Will US Citizens Need Visa to Visit Romania & EU Countries Starting 2021?

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I was pretty surprised when, over the weekend, I kept seeing shared articles by my Facebook friends with titles like: “Starting 2021, US citizens will need a visa to visit EU Countries”. Even more surprised when I found out that it’s actually not just the US, but a total of 60 countries on the list. What is happening?

At first, I thought that it’s nothing but a bit of fake news going viral, but then more and more articles from various sources started to pop up. So I decided to investigate this a bit, because the European Union introducing a Visa for US citizens would have a really huge impact on how things go in the world, not just in Romania.

There were actually talks and rumors about the EU introducing a visa for US citizens starting a couple of years ago, and the main reason for an introduction of a VISA for US citizens who visit Romania or other European Union countries was the fact that some of these EU countries ( Romania, Bulgaria, Croatia, Cyprus and Poland) were required a visa to visit the United States.

It seems that the rumors were indeed part-true and changes will come into effect starting 2021, affecting all US citizens who plan to visit some European Union countries. However, things are not as bad as some publications initially made them sound.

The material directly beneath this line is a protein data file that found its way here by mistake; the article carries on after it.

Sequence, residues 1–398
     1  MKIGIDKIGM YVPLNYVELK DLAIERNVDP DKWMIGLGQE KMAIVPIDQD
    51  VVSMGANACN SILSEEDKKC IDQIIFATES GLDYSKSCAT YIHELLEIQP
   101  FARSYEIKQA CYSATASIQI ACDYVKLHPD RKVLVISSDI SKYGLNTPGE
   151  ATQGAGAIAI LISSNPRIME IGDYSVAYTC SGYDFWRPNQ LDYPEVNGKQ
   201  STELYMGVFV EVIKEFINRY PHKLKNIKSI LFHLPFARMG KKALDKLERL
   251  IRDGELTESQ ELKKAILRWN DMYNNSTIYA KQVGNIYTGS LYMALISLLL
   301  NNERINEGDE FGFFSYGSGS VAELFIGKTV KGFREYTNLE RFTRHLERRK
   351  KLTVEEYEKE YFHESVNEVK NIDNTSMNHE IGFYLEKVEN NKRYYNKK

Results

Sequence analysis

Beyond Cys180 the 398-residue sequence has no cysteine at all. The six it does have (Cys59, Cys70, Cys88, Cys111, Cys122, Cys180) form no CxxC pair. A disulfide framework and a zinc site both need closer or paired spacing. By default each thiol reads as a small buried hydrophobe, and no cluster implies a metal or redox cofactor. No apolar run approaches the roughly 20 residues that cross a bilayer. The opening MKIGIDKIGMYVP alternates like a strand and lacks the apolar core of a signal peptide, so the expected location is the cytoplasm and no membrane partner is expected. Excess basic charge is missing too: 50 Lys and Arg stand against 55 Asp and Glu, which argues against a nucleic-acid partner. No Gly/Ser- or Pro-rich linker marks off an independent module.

Will US citizens need a Visa to visit Romania or EU Countries?

No, even starting 2021, there will be no Visa requirements for US citizens traveling to Romania or any other country in the European Union.

What changes is the fact that the EU is introducing an ETIAS authorization that US citizens will need to apply and obtain before being allowed to visit some EU countries: the countries in the Schengen Area, of which Romania is not part of.

What is this ETIAS authorization? Well, not much! US citizens who plan to visit countries in the Schengen area will have to apply online for this authorization prior to their visit to Europe. However, this will be a pretty much straightforward and easy step, according to the European Commission who said:

“Completing the online application should not take more than 10 minutes with automatic approval being given in over 95% of cases.”